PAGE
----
Government’s goal is to ensure that young people leaving care lead healthy, productive lives and that the appropriate supports are in place as they transition into adulthood. British Columbia matches or exceeds the types of supports and services other jurisdictions offer to youth leaving care.
- Under the Agreements with Young Adult program (AYA), youth who leave government care at 19 years of age are eligible for supports to cover living expenses while they finish high school, attend post-secondary training or complete a rehabilitation program. AYA was recently expanded from two to four years and to include life skills training and cover youth up to the age of 26. Previously, youth were covered up to the age of 24. More than 2,500 young adults have benefited from AYA since the program was established in 2008: http://ow.ly/qfkb307aBlX.
- The following initiatives were recently announced to keep current and former youth in care informed and connected, including:
- Smart phones and monthly data plans for up to 1,000 young adults, thanks to a $2-million fund jointly administered by the Province and TELUS.
- New Lenova laptops for up to 369 young adults as a result of partnership between the Province and IBM. Youth on an AYA will also have access to high-speed Internet subsidized by TELUS.
- AgedOut.com, an online resource that offers support to youth in care, features two new e-learning modules – ‘Money Sense’ and ‘Healthy Eating on a Budget.’ The new modules were developed in partnership with the Adoptive Families Association of BC (AFABC) and the Public Guardian and Trustee (PGT) with input from former youth in care. MCFD has invested a total of $700,000 in https://agedout.com
- ICBC is funding a $50,000 bursary to help youth in care learn to drive, in partnership with the government and the Federation of B.C. Youth in Care Networks (FBCYICN). The bursary will fund driver training and support for at least 50 young adults from around B.C. over the coming year.
- Government has provided $797,000 over the last three years to support the YWCA’s Strive program, which offers 17- to 24-year-old former youth in care hands-on guidance in life skills like financial literacy, time management, decision making and problem solving.
- Since June 2015, government has invested $2.5 million in the Learning Fund for Young Adults, which supports the vocational and training needs of young people from care. Government will transfer a further $1,200 from the BC Training and Education Saving Grant program’s special account for every child or youth in care after they reach the age of six.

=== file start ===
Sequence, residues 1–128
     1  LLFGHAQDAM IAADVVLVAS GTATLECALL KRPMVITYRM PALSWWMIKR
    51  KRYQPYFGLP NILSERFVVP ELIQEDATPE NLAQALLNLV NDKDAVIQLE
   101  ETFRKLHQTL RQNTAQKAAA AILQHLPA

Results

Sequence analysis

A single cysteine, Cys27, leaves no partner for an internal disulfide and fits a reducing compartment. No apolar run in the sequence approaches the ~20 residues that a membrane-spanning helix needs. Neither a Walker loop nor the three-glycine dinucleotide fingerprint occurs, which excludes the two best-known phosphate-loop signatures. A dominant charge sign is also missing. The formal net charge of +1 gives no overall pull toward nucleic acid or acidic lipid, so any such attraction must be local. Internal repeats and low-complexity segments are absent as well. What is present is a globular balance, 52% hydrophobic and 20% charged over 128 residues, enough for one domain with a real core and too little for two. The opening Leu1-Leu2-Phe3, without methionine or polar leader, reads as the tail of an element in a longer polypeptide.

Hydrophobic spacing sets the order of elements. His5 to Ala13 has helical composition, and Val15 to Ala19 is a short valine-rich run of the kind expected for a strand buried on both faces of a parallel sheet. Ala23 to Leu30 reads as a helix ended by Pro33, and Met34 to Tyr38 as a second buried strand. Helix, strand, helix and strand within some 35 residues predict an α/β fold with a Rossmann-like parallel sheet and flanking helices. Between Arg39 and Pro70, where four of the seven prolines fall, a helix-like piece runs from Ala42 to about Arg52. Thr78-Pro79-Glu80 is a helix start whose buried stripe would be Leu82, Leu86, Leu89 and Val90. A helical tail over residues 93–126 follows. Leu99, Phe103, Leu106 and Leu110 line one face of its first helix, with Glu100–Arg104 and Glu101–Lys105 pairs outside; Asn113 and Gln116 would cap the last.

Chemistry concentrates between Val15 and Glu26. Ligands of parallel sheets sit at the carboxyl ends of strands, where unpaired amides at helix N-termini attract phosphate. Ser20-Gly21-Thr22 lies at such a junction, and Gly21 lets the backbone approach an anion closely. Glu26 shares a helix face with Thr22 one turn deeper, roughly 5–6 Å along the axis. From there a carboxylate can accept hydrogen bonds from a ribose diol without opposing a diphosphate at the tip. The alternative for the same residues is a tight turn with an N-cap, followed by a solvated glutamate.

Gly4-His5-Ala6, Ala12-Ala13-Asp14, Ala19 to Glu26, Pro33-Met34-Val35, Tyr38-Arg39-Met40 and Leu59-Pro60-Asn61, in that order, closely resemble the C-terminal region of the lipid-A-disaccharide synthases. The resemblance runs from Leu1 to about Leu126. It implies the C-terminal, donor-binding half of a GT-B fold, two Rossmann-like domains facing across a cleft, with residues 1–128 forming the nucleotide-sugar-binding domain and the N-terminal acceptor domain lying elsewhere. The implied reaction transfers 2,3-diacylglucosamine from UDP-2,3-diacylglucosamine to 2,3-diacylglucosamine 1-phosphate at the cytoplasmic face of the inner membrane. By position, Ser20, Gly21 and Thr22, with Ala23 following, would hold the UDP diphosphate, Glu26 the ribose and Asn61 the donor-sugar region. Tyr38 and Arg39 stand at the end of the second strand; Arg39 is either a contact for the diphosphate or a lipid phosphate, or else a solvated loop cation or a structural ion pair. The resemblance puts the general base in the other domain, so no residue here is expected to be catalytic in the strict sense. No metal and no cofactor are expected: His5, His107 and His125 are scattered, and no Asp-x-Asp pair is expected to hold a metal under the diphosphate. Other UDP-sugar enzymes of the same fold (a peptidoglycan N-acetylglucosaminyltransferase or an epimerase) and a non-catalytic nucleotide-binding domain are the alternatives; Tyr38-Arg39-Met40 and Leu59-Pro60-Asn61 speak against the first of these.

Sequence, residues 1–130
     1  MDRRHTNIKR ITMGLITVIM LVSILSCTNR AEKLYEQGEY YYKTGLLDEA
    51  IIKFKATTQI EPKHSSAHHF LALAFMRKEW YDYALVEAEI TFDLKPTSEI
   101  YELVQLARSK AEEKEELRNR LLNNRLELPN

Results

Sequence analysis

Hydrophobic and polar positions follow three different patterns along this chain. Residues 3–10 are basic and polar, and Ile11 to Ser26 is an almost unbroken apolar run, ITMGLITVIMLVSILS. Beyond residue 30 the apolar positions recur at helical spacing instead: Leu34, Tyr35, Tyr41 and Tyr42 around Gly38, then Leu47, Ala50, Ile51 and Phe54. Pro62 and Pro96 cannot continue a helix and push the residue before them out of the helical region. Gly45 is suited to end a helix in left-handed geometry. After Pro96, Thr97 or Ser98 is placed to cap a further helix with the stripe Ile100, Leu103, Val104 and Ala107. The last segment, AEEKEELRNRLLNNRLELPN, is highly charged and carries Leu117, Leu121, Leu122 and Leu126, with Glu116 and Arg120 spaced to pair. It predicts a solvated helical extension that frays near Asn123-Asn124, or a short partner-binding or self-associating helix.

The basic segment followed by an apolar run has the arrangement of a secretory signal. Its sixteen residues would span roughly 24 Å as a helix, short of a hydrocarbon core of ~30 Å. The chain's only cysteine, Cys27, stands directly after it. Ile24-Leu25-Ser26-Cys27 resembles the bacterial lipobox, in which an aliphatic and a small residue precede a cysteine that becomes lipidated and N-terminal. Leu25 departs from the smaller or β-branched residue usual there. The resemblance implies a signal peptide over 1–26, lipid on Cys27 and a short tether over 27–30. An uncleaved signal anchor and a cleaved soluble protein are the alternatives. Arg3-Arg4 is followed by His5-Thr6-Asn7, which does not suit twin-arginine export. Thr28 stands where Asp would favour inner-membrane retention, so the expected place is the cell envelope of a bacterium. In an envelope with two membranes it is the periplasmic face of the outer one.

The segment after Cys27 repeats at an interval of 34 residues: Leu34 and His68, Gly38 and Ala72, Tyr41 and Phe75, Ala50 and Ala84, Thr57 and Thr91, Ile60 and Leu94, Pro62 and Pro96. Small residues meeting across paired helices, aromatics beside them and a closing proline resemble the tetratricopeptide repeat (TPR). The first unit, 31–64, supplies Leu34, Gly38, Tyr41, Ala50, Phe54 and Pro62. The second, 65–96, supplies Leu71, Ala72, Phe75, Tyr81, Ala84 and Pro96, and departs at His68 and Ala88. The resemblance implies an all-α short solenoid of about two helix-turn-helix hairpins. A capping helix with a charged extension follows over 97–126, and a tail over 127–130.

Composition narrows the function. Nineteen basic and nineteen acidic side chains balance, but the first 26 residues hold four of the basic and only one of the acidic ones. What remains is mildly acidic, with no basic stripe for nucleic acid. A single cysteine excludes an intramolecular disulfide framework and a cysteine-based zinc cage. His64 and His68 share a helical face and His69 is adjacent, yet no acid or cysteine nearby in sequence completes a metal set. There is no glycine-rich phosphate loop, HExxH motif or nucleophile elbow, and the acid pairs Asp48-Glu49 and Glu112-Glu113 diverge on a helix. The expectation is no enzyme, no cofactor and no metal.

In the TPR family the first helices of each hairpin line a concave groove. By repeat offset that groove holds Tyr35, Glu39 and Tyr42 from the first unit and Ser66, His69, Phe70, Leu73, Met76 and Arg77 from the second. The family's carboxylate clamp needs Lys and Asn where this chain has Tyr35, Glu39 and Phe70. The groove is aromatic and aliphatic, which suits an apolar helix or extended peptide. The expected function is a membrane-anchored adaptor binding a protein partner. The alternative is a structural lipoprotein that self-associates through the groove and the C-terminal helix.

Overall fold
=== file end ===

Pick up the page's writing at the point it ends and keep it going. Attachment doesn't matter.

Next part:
- Eleven B.C. post-secondary institutions now offer tuition waivers or bursaries to former youth in care. Bursary or waiver recipients may also be eligible for the Youth Futures Education Fund, which helps cover expenses beyond tuition. Government has provided $500,000 over the past two years to support the fund.
- As part of the Province’s $500-million affordable housing announcement in September 2016, new housing for vulnerable youth will be built in Surrey, Chilliwack and Courtenay.
- In June 2015, a new nine-storey supportive housing building opened in Vancouver, providing 99 homes for vulnerable youth and young adults as well as supports and services for mental and physical health, addiction and living skills. Government provided $18.8 million for this development, and will continue to support it with an annual operating subsidy of $1.4 million. MCFD contributed $6 million toward this project.
- In May 2015, MCFD provided $315,000 to support the establishment of a youth and young adult mentorship program delivered through Covenant House Vancouver.
- These recent investments complement the range of existing supports and services that help young people from care transition to independence.
Other programs, services and resources for youth and young adults in and from care:
- The Youth Educational Assistance Fund (YEAF) supports post-secondary education and training for former youth in care through bursaries of $5,500 per educational year, up to a maximum of four years, to help with tuition, books and fees. Since the fund was created in 2002, the ministry has contributed $14.6 million to the program and more than 1,800 youth have received YEAF bursaries. As well, there are other bursaries and funding streams, such as the Education Achievement Bursary – offered through the (FBCYICN) – that help with tuition and registration fees.
- MCFD works closely with FBCYICN, which provides support, transition and advocacy services to youth in – and from – care, and youth receiving ministry services.
- The ministry also links youth with other services such as financial supports, employment services, therapeutic and addictions programs through other ministries.
- The ministry is an active partner in government's continuing efforts to create better transitions for youth/young adults with developmental disabilities through the Services to Adults with Developmental Disabilities Initiative.
- MCFD works with other ministries to deliver an array of programs and services that support youth transitioning from care. These include housing options, addictions counselling and education assistance.
Media RelationsMinistry of Children and Family Development